Sacranix is located in the Atlantic slope mountain range of Guatemala. Bordered by the rivers Chixoy, Cahabon, and Sachichaj, this IBA includes large fragments of forest extending from cloud forest at 2200 m elevation to rainforest at 300 m.
More than 320 bird species have been recorded recently in Sacranix (Eisermann 2000, 2001), including a population of the globally threatened Highland Guan (Penelopina nigra) (Eisermann 2005). The site supports populations of 11 range-restricted species of the North Central American Highlands, 28 biome-restricted species of the Madrean Highlands, and 15 species restricted to the Gulf Caribbean Slope.
Pressure/threats to key biodiversity
Slash-and-burn agriculture is common in the area, threatening the forest by fires and conversion to agricultural land. Although pressure on natural habitat has been lowered on the short term by providing forest easements and other alternative income among local farmers (agriculture, research, tourism), long-term protection is uncertain, because the Guatemalan human population is growing rapidly.
Conservation responses/actions for key biodiversity
The main forest in the Sacranix mountain is being protected by providing forest easements and the establishment of alternative crops in Maya Q'eqchi' villages (fruit trees, vanilla). Fruit tree plantations are established as fire protection belt around the primary forest. Local tourism programs are developed by several communities, which also provide alternative income. Bird populations are monitored since 2001 by PROEVAL RAXMU Bird Monitoring Program.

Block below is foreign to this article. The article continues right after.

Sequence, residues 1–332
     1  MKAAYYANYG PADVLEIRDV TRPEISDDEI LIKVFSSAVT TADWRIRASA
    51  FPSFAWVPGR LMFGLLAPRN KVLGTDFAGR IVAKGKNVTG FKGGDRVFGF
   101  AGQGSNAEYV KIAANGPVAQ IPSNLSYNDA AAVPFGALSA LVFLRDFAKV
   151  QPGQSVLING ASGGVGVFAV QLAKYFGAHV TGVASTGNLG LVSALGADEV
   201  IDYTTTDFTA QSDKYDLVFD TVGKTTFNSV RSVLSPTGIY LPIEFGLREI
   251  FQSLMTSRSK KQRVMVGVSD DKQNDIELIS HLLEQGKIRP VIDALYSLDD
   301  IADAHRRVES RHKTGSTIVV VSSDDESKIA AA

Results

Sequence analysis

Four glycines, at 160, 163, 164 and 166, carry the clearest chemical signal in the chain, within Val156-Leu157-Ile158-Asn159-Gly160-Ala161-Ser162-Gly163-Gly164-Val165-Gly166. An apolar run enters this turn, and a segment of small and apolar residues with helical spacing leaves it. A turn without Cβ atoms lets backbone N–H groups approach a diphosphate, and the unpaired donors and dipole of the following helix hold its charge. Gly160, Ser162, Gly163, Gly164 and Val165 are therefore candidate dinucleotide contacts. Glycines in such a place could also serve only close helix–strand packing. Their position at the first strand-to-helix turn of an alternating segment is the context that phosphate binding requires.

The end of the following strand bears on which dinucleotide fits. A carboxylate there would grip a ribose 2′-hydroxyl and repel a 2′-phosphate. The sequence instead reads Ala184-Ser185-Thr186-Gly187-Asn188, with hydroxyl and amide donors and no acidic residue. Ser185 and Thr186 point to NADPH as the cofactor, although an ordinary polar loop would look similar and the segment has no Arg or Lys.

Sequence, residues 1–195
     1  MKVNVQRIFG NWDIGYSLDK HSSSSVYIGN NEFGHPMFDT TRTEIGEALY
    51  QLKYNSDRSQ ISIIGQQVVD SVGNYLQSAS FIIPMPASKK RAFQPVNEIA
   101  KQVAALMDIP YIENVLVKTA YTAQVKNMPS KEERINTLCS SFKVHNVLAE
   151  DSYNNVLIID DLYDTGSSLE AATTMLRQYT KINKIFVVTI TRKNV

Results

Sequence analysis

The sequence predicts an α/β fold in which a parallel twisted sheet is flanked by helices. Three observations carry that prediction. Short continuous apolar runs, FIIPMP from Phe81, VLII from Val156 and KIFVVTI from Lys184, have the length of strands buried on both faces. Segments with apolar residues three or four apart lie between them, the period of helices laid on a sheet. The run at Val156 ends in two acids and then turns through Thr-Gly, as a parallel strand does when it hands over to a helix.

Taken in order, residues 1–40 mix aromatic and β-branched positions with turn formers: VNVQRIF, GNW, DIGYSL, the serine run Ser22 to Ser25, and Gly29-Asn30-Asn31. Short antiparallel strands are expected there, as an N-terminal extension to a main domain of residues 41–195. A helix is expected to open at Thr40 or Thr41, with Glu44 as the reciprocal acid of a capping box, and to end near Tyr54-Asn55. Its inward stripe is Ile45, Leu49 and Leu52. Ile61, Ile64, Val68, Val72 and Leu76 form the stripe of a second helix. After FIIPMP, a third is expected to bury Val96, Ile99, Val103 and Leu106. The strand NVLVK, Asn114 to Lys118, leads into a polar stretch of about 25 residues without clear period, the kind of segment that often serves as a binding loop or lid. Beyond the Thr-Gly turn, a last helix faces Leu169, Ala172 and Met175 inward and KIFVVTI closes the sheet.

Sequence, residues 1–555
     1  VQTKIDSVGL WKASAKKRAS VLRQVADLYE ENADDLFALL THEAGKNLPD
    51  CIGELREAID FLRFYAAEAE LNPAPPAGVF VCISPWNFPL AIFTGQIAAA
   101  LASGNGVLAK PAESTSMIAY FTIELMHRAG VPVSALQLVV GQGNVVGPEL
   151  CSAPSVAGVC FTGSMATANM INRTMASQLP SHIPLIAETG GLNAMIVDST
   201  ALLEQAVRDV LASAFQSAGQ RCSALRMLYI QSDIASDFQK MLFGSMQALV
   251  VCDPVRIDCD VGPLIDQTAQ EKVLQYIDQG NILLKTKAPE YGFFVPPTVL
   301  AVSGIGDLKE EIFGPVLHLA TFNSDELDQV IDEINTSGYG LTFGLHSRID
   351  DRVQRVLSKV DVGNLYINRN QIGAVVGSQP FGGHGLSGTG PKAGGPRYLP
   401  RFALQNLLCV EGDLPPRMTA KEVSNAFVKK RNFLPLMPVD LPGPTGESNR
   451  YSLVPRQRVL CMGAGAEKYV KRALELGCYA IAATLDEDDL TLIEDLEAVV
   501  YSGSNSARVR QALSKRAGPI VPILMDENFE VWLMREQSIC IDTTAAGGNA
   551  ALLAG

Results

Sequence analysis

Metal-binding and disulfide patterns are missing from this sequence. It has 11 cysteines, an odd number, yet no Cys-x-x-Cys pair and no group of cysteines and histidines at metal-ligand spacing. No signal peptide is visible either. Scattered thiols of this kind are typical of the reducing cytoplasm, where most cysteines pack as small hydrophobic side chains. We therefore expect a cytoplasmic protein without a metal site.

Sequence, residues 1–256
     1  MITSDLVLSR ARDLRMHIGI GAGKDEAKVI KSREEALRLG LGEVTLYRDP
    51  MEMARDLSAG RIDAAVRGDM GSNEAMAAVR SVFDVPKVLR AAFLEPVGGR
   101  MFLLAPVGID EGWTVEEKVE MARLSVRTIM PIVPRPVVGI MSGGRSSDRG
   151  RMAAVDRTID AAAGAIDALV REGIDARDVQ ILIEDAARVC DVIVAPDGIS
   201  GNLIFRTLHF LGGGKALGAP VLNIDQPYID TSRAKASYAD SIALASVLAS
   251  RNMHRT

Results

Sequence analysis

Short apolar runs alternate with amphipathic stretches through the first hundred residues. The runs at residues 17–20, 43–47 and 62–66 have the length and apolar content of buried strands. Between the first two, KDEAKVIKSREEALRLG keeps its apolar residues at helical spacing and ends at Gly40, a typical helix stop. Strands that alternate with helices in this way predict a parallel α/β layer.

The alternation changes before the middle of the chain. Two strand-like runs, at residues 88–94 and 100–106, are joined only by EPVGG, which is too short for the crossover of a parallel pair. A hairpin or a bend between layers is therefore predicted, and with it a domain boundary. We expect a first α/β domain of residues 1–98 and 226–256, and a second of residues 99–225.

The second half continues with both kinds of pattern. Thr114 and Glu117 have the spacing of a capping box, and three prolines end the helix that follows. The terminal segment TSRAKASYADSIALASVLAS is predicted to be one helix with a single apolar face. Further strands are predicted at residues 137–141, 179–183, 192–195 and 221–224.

Less than 1% of this IBA are legally protected (CONAP 2007). Several private landowners receive forest easement and are committed to a 5-years forest conservation.
Habitat and land use
Humid evergreen broadleaf and mixed forest cover has been reduced to 45% within the IBA (MAGA 2006). Deforested land is used for agriculture, mainly for corn fields and plantations of coffee and cardamom. Alternative perennial crops (fruit trees, vanilla) and reforestations have been established recently in order to lower the pressure on the primary forest.
The land is privately and communal owned.
BirdLife International (2020) Important Bird Areas factsheet: Sacranix. Downloaded from
http://www.birdlife.org on 06/08/2020.